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Driver with eye disorder moves to appeal conviction for pedestrian’s death

Ruaidhrí Giblin

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Ruaidhrí Giblin

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Kildare's David Byrne (43)  had pleaded not guilty to dangerous driving causing the death of Patricia Dunne (70) at Collins Avenue East, Killester in Dublin

A man with a degenerative eye disorder, who was jailed for dangerous driving causing the death of an elderly pedestrian, has moved to appeal his conviction. 

David Byrne (43) of Sunnyhill, Castlemartin Lodge, Kilcullen, County Kildare, had pleaded not guilty to dangerous driving causing the death of Patricia Dunne (70) at Collins Avenue East, Killester in Dublin on October 16, 2015.

The father-of-two had also pleaded not guilty at Dublin Circuit Criminal Court to dishonestly inducing the National Driving Licence Service (NDLS) to issue him with a driving licence and making a false or misleading statement while taking out insurance. 

He was found guilty by a jury on all three counts and sentenced to five years imprisonment by Judge Patricia Ryan on May 11, 2018. He had no previous convictions.

During the trial, the court heard that Ms Dunne had been walking home pulling a shopping trolley around midday when she began to cross the road. A van slowed to allow her to cross, but Byrne's car then hit her and she was “flung up in the air” before the vehicle came to a stop.

Byrne has Type 2 Usher Syndrome which is a degenerative eye disorder resulting in peripheral vision loss, the court heard. He moved to appeal his conviction on Friday in the Court of Appeal where judgment was reserved. 

Counsel for Byrne, Michael O’Higgins SC, said the "best driver out there" on a good day had between half-a-second and 1.3 seconds to avoid the incident.

Mr O'Higgins said it was a very dangerous part of the road to make a crossing. The pedestrian crossed into the middle of the road, paused and allowed a car to pass before continuing into the second part of the road, leaving Byrne with "a second" to stop, counsel said. 

“If someone puts themselves in a situation where they are in immediate danger,” then the driver should not be the only person to bear legal responsibility, counsel submitted.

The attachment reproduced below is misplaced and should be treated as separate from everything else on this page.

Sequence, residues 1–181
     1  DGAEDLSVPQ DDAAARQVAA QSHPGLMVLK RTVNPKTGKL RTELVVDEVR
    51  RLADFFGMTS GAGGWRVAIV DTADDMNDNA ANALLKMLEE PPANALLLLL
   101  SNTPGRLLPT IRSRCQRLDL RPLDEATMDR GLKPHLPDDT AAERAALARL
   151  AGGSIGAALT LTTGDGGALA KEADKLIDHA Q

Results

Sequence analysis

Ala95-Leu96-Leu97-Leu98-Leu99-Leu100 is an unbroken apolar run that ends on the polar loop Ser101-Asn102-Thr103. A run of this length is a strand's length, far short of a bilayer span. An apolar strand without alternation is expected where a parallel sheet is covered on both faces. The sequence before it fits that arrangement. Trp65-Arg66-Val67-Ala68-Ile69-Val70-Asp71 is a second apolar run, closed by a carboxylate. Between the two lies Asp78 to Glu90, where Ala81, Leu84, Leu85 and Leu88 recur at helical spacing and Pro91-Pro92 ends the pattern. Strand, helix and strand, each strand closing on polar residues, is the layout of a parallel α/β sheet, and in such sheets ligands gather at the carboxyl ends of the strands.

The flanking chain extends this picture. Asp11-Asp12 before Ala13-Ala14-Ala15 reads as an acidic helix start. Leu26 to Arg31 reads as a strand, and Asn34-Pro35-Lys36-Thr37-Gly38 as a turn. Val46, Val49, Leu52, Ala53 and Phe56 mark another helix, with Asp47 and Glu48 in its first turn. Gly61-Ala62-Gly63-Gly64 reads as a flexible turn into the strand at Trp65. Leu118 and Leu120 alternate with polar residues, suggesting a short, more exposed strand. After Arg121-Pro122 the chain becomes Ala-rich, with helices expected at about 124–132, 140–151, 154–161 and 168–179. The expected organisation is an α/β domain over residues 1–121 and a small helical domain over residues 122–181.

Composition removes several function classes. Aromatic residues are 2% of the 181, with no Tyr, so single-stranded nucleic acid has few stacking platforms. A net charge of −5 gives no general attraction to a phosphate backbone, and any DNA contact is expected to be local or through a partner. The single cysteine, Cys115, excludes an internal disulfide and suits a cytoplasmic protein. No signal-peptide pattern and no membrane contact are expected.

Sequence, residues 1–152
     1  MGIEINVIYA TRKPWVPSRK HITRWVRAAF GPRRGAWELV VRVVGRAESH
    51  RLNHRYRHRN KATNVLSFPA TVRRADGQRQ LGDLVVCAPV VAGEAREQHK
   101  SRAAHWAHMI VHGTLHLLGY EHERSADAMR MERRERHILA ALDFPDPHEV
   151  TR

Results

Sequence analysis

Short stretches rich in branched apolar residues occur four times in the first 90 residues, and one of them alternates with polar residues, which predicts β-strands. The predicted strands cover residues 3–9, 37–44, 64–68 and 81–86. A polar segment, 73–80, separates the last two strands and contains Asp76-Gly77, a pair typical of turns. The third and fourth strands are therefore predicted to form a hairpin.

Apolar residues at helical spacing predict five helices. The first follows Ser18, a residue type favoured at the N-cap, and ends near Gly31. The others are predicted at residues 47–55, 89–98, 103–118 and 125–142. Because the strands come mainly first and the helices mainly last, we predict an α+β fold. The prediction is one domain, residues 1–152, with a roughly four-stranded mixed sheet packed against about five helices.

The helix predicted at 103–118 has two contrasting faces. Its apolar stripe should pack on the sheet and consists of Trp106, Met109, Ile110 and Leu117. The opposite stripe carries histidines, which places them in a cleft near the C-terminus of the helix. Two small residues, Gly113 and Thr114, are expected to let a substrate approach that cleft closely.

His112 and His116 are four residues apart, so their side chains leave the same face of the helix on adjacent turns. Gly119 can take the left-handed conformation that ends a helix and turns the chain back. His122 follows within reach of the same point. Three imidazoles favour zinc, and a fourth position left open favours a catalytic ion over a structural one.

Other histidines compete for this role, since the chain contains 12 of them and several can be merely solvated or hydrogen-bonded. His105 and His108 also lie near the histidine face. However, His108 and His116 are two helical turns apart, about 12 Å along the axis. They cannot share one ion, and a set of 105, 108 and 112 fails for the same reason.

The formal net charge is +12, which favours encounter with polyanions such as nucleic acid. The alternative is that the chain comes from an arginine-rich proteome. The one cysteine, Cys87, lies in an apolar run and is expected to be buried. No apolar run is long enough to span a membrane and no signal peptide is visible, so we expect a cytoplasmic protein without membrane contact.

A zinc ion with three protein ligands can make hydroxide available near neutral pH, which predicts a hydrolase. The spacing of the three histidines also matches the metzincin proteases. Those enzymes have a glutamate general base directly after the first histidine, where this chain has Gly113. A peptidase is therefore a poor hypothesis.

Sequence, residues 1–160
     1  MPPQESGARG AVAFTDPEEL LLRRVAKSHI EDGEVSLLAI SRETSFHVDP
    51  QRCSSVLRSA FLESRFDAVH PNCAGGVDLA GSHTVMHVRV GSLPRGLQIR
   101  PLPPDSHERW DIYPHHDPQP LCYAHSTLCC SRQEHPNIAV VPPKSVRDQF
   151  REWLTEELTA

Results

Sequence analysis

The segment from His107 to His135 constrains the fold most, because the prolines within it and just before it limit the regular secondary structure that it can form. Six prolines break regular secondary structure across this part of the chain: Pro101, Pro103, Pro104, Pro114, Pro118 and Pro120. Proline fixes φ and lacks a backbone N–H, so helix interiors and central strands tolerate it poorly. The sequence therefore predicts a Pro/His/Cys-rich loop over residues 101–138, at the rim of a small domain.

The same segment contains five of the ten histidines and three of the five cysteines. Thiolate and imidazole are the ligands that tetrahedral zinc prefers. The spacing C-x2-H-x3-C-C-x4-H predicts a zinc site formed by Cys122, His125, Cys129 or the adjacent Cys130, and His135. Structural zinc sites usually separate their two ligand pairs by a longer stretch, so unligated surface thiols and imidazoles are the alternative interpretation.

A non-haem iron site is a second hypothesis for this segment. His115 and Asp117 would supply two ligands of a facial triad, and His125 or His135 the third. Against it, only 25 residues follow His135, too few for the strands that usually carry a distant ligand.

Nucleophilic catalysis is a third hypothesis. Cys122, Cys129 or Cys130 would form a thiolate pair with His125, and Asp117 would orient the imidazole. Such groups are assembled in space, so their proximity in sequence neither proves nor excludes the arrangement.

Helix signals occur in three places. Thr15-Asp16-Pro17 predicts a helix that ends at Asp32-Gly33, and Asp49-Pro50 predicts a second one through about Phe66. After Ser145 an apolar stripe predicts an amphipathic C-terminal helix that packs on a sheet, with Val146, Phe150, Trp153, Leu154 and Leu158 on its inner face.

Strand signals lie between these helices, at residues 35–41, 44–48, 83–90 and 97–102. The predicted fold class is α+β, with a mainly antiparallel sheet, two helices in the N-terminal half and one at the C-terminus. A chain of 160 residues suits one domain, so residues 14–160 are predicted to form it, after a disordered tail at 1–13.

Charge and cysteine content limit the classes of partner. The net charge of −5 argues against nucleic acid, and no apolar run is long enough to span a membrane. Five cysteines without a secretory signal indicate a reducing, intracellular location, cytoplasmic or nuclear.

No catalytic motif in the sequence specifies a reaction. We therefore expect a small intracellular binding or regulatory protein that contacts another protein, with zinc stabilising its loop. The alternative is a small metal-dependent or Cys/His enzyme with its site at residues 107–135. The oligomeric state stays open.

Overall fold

Mr O’Higgins said there was no evidence from any expert to say Byrne’s eye condition, or the lack of peripheral vision, contributed to the accident. He said the existence of an eye condition should not to be automatically equated with dangerous driving.

Counsel for the Director of Public Prosecutions, Fionnuala O'Sullivan BL, said Usher's Syndrome was one of the circumstances the jury could have taken into account, albeit a very significant circumstance. Ms O'Sullivan said the injured party was available to be seen from 65 metres away. Assuming Byrne was driving at 50 km/hr, she said he was 7.24 seconds away from the moment Ms Dunne started to cross the road and 2.84 seconds away from when she crossed the middle of the road.

Ms O'Sullivan said the moment Ms Dunne started to cross the road, one would have expected there to a reaction from Byrne, such as slowing down. But there were a number of pieces of evidence to show there was no reaction.

The evidence was that contact was made at 49 km/hr. A number of witnesses in the vicinity did not hear any breaking or skidding and did not see breaking lights, Ms O’Sullivan said. 

President of the Court of Appeal Mr Justice George Birmingham, who sat with Ms Justice Máire Whelan and Ms Justice Isobel Kennedy, said the court would reserve its judgment.